If Sunday night's Rugby World Cup final proved one thing, it is that the right man was in charge.

Craig Joubert was the referee of the tournament by some distance and has an incredible career in front of him if he keeps looking after his body and doesn't get ahead of himself.

The only thing that should stop him refereeing the finals in 2015 and 2019 will be if South Africa make the final.

You could see from the players how pressure does funny things to the brain, but Joubert remained calm for 80 minutes.


It was noticeable that he modified his style ever-so-slightly in the final. He remained true to his approach, but policed the breakdown a little more leniently than in earlier games. What you don't want in a final is for the result to come back to one decision.

He was very reserved in the decisions he made around the tackle. When things got tight in the second half there were times he might have penalised players for leaving their feet and fringing around on the offside line, but he chose to use verbal warnings on the run rather than the whistle.

You could say it detracted from the game as an open-running spectacle, but it was clear by then that both sides were determined to play mistake-free, conservative rugby so the fact that it was a bit of a grind was not down to Joubert.

Both sides were allowed to recycle possession and, given how much hinged on the result, both were disciplined in the tackle.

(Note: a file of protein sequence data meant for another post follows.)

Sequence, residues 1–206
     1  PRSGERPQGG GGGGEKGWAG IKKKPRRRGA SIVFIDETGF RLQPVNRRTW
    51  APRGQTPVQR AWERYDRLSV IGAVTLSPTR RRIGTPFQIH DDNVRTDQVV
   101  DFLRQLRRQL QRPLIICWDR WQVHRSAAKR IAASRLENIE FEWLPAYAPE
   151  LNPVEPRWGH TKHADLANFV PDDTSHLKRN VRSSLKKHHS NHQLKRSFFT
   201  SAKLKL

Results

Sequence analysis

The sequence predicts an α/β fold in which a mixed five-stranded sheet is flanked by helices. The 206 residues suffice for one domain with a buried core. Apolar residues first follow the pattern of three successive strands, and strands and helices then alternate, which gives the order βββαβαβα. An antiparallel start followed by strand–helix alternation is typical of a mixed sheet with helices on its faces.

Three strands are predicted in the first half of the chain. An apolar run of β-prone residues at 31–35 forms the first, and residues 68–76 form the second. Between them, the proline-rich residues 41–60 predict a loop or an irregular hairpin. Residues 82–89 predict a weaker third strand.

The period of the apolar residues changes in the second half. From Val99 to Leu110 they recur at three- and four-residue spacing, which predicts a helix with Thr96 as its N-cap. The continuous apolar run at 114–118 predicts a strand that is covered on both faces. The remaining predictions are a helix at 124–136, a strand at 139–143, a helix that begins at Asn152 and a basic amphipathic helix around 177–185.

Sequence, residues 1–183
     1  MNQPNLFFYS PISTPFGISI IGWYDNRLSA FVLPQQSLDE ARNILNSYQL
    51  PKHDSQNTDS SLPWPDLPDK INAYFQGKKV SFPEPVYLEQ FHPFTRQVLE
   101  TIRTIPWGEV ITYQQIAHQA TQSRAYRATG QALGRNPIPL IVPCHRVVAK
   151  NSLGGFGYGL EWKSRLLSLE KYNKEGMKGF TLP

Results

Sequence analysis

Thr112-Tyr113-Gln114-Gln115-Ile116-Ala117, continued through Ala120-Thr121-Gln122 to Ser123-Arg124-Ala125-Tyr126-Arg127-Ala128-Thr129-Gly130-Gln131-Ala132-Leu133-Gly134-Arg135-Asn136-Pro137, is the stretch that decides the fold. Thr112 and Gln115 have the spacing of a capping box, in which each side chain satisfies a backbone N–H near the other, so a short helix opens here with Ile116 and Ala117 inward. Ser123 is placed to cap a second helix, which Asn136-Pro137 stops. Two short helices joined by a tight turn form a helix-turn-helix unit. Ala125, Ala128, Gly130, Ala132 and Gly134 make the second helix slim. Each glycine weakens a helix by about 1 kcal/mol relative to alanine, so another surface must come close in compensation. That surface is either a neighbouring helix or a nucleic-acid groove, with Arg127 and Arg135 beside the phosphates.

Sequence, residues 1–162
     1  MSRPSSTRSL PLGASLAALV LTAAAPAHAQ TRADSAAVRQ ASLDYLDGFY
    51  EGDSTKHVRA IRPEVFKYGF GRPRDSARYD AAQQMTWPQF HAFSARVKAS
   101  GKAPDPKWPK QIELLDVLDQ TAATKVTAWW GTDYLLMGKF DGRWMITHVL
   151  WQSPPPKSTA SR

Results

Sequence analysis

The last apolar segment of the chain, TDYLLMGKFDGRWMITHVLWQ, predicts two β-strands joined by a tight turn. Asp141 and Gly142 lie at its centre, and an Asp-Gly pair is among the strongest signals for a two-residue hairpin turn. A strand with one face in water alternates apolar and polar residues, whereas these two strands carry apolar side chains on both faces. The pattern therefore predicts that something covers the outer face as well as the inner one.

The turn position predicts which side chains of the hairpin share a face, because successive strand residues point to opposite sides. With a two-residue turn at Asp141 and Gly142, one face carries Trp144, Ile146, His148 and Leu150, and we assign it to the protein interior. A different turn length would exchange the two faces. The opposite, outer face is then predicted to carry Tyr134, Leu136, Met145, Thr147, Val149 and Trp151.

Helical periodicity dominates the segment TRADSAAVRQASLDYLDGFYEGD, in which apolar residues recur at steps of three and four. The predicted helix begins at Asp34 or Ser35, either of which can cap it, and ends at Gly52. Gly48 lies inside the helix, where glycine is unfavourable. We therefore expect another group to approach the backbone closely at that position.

With games of this magnitude you're walking a fine balance between giving too much latitude and not enough. There will be plenty of people saying he let too much go, but I liked the fact that the game was there for the players to win or lose. You didn't see the players gesticulating much, which says he made the calls that mattered to them and let them sort out the rest.

The All Blacks couldn't play in the style they wanted, but that was simply because France were the dominant side, not because of Joubert.

For me, the best referees at this tournament were the fittest ones - the ones who got to every breakdown and stood over it, not refereeing from a distance. The games with the pile-ups and the controversies - South Africa v Samoa and South Africa v Australia in particular - were the ones where the referee wasn't at the breakdown.

In a tournament of this length, you are always going to get controversies, but I think referees' boss Paddy O'Brien will be pleased. There were 48 games and you could point to only two or three and say the referee played too big a part in the outcome. If you ask me, that's not a bad return.

Kelvin Deaker is a former international referee.